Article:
The NCSS position statement declares:
At its core, civic education should provide students with the ability to take informed action to address problems relevant to life in a democratic republic. It should target the knowledge,skills and dispositions to ensure that young people are truly capable of becoming active and engaged participants in civic life.
The Brown Center for Education Policy at the Brookings Institution puts forward the following three components and 10 proven practices:
1. Civic knowledge: an understanding of government structure, government processes,and relevant social studies knowledge and concepts
2. Civic skills: abilities that enable students to participate in a democracy as responsible citizens
3. Civic dispositions: attitudes important in a democracy such as a sense of civic duty and concern for the welfare of others
1. Classroom instruction in civics, government, history, law, economics and geography
2. Discussion of current events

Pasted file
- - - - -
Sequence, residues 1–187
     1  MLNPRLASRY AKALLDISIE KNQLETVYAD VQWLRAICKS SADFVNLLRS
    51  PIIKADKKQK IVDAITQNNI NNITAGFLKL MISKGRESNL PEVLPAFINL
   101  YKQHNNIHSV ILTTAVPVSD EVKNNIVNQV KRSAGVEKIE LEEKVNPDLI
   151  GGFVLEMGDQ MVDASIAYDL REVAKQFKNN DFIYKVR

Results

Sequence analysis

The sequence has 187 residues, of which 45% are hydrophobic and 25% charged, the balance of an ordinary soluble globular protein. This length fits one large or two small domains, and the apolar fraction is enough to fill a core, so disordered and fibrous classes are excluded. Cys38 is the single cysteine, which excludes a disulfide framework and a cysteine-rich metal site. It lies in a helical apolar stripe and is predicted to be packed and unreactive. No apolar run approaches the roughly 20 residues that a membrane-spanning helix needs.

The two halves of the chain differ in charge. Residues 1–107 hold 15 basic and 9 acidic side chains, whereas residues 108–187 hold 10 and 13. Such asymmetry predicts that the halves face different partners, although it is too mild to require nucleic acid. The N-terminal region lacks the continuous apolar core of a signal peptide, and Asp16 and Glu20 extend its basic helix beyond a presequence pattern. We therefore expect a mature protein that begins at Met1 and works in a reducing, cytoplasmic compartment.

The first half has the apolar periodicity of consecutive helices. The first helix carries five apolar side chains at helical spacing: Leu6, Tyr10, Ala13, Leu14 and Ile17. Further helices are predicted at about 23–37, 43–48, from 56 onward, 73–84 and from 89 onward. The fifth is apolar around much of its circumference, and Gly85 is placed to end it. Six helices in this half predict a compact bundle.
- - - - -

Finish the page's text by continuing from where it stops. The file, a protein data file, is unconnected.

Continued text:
3. Service learning
4. Extracurricular activities
5. Student participation in school governance
6. Simulations of democratic processes and procedures
7. News media literacy
8. Action civics
9. Social-emotional learning (SEL)
10. School climate reform
In terms of the content for middle school civic education, The Citizen U® TPS Civics Resource Center, operated through a grant from the Library of Congress’ Teaching with Primary Sources (TPS) Program, provides a wide variety of resources. The Center features a Lesson Library, Civics Interactives, and the Our American Voice ® Civics Curriculum.
The Lesson Library contains more than 200 inquiry-based lessons developed by TPS consortium partners and teachers from across the country. Over 100 of these lessons, covering a range of disciplines — including math, science, and English language arts — are appropriate for middle school.